By Deena Levenstein, tour by Phil
Phil, a Touring Israel guide, took me on a one-day tour of the Old City of Jerusalem with a focus on the three major monotheistic religions and their connections to the city.
Part I: Jaffa Gate – Two Stories Behind Every Stone
This is part II, about Christ Church.
- Christ Church, the Old City of Jerusalem
Hidden inside a courtyard on The Armenian Patriarchate Street is Christ Church, two minutes inside the Old City walls from Jaffa Gate. Phil asked for permission to go in – got a yes as he always does – and we went into the church sanctuary.
“What do you notice?” he asked as we sat there in the expansive room.
Here, take a look:
I noticed many things…
There is Hebrew in a church, a Jewish menorah (the candelabra in the background), a star of David and… a strange lack of crosses.
Truthfully, what I noticed more than anything was that this church feels a lot like a synagogue.
And he told me its story.
Christ Church in Jerusalem was built in the late 1800s when Protestant Christians came to Israel in order to save the souls of the local Jews. In order to attract the target audience, the church was designed in this way.
But, Phil said, there is a cross. Could I find it? I looked in all directions. And then he pointed up…
- The wooden ceiling of Christ Church is one huge cross.
The local Jewish community at the time was Orthodox and there was not much success in bringing them into the church. Other tactics included creating hospitals and girls’ schools for the Jewish community – both very needed at the time. The hope was that via this assistance, the local Jews would begin to open up to the Christian message.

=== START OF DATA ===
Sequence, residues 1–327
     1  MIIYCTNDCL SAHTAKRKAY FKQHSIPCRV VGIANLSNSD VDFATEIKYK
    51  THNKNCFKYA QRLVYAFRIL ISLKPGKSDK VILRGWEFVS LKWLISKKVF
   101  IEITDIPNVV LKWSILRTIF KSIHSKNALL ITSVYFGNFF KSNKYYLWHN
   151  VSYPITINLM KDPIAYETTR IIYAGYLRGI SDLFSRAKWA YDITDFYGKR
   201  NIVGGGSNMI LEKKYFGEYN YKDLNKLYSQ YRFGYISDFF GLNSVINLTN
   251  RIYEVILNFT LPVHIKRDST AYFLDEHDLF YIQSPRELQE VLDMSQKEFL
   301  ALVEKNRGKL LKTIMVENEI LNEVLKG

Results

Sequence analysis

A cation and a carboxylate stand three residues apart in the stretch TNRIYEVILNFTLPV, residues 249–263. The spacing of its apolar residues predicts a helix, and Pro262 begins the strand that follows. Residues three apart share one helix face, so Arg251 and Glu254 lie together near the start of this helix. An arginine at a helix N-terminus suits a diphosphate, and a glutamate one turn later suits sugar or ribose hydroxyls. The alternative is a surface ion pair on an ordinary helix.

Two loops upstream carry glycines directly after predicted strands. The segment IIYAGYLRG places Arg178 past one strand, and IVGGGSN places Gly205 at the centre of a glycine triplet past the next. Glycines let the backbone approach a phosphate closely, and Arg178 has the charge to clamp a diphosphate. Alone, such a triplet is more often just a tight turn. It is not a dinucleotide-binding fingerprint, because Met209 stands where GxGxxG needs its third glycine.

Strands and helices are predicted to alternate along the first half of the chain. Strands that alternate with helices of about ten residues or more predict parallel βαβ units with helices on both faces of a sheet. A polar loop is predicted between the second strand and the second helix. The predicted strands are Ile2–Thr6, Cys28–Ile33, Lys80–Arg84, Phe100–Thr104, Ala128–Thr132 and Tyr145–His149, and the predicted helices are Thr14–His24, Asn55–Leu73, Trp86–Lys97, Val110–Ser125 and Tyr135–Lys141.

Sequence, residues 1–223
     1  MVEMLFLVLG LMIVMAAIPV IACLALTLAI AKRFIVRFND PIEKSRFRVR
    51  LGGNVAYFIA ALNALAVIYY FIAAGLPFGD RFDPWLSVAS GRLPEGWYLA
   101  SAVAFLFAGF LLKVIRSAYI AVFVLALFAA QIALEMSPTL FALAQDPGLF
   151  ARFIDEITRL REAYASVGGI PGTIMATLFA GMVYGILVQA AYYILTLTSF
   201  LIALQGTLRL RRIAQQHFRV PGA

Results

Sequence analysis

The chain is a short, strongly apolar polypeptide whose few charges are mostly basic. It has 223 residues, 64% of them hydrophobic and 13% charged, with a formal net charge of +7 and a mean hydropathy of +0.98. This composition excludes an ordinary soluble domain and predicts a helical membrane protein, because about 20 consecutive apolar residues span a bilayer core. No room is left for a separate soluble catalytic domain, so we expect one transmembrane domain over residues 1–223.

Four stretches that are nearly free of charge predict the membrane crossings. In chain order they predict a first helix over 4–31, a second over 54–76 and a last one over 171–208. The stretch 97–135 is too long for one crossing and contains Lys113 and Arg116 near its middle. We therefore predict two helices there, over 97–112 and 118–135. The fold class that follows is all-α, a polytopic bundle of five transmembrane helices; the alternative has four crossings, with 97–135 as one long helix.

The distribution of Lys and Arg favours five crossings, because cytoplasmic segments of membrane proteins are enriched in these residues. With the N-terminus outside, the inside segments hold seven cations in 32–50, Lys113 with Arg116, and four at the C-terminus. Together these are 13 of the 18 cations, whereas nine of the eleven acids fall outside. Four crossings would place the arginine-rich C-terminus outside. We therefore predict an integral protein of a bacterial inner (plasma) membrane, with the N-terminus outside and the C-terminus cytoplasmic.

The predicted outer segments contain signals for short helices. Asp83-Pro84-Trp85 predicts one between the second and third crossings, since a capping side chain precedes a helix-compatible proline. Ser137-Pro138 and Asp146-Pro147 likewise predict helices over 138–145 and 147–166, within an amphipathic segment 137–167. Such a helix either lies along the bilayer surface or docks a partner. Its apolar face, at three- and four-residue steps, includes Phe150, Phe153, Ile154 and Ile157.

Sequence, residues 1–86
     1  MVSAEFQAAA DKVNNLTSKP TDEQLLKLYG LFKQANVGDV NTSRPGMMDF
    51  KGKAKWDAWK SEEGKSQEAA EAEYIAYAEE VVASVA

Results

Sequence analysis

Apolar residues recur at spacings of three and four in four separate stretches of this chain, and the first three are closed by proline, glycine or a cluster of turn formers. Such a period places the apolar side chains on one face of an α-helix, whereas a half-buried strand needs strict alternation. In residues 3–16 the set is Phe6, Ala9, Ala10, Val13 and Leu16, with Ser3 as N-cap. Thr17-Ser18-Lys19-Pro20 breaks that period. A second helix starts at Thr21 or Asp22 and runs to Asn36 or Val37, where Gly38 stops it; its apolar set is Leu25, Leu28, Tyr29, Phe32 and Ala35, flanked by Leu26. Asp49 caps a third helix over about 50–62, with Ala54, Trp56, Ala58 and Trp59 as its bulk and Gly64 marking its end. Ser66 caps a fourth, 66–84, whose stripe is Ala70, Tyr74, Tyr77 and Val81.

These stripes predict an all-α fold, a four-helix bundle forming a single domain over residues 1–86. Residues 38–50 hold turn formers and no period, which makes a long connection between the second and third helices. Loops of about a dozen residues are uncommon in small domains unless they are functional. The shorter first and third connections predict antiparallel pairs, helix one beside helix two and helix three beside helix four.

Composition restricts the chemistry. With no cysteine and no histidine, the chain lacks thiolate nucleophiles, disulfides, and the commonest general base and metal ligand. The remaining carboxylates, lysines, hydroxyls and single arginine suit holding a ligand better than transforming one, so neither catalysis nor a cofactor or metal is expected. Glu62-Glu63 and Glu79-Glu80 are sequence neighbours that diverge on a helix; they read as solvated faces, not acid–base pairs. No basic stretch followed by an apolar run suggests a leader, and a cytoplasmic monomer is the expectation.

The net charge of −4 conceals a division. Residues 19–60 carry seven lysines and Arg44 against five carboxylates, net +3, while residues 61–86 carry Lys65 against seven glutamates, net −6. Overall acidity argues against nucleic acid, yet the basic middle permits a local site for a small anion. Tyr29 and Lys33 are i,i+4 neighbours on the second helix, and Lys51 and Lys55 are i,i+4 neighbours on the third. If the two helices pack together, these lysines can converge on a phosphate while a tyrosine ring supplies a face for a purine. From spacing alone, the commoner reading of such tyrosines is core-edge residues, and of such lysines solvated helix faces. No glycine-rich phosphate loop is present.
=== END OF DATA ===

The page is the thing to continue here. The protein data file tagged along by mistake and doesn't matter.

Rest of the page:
But, alas, again the Jews did not take the bait. For the most part they weren’t even willing to make use of these Christian institutions. And, actually, these efforts led to an unexpected byproduct – local Jews began creating their own hospitals and schools for girls.
And that is how Christ Church saved the local Jews.
The tranquil church gardens
The peaceful environment inside the church grounds is such a contrast to that on the bustling road just outside. Phil took me to a beautiful, hidden garden behind the church:
This little piece of artwork
And then he showed me one last thing – an amazing piece of art found in the church’s storage.
It is a painting of Jerusalem before anything was built outside the Old City walls (for much of history the “Old City” was the entire city). It’s fascinating to stare at the empty hills outside the walls and the intricate details of famous buildings inside the walls. Here is a close up of the Jewish quarter in this artwork – Phil pointed out synagogues one can clearly see in the piece:
- Close up of the Jewish Quarter of the Old City in the artwork
Next stop? The Room of the Last Supper. Which is also a possible tomb of King David and a once-functional mosque. Stay tuned! And meanwhile…
Please meet Phil the tour guide
- Meet Phil (on the right:)
Phil is a lively, fun tour guide, originally from Chicago. He truly believes being a tour guide in Israel is the best job there is, he is friendly and respectful towards everyone along the way and he takes it on as his duty to entertain and educate with enthusiasm for as long as you, his guests, have energy.
Phil can easily guide families with kids by making most anything fun. He did this for me and not only did I laugh, I also was finally able to learn things I’ve had trouble with in the past.
One more thing about Phil, in a country full of all kinds of religious personalities and a history steeped in religion, being guided by someone who has studied comparative religion makes the tour that much more intricate and interesting.
Be in touch with us to find out more about our guides and our luxury tours to Israel.
Photos by Deena Levenstein
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